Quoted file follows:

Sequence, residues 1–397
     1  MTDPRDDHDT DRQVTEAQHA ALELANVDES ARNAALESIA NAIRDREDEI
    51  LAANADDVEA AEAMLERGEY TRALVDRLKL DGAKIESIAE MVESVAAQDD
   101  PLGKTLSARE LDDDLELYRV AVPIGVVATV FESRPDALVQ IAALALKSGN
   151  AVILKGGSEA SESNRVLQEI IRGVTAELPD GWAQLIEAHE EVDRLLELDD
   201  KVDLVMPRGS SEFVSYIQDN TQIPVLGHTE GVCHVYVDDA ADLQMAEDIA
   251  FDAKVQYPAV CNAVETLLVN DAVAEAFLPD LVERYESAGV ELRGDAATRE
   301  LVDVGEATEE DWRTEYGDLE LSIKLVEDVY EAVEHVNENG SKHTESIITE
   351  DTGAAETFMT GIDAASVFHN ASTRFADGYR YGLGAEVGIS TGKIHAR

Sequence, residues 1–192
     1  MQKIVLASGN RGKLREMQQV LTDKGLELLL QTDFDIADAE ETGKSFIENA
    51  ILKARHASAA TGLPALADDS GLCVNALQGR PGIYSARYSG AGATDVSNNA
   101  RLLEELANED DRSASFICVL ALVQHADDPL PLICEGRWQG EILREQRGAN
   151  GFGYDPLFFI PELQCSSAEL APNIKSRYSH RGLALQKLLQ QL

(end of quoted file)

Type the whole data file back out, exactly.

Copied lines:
Sequence, residues 1–397
     1  MTDPRDDHDT DRQVTEAQHA ALELANVDES ARNAALESIA NAIRDREDEI
    51  LAANADDVEA AEAMLERGEY TRALVDRLKL DGAKIESIAE MVESVAAQDD
   101  PLGKTLSARE LDDDLELYRV AVPIGVVATV FESRPDALVQ IAALALKSGN
   151  AVILKGGSEA SESNRVLQEI IRGVTAELPD GWAQLIEAHE EVDRLLELDD
   201  KVDLVMPRGS SEFVSYIQDN TQIPVLGHTE GVCHVYVDDA ADLQMAEDIA
   251  FDAKVQYPAV CNAVETLLVN DAVAEAFLPD LVERYESAGV ELRGDAATRE
   301  LVDVGEATEE DWRTEYGDLE LSIKLVEDVY EAVEHVNENG SKHTESIITE
   351  DTGAAETFMT GIDAASVFHN ASTRFADGYR YGLGAEVGIS TGKIHAR

Sequence, residues 1–192
     1  MQKIVLASGN RGKLREMQQV LTDKGLELLL QTDFDIADAE ETGKSFIENA
    51  ILKARHASAA TGLPALADDS GLCVNALQGR PGIYSARYSG AGATDVSNNA
   101  RLLEELANED DRSASFICVL ALVQHADDPL PLICEGRWQG EILREQRGAN
   151  GFGYDPLFFI PELQCSSAEL APNIKSRYSH RGLALQKLLQ QL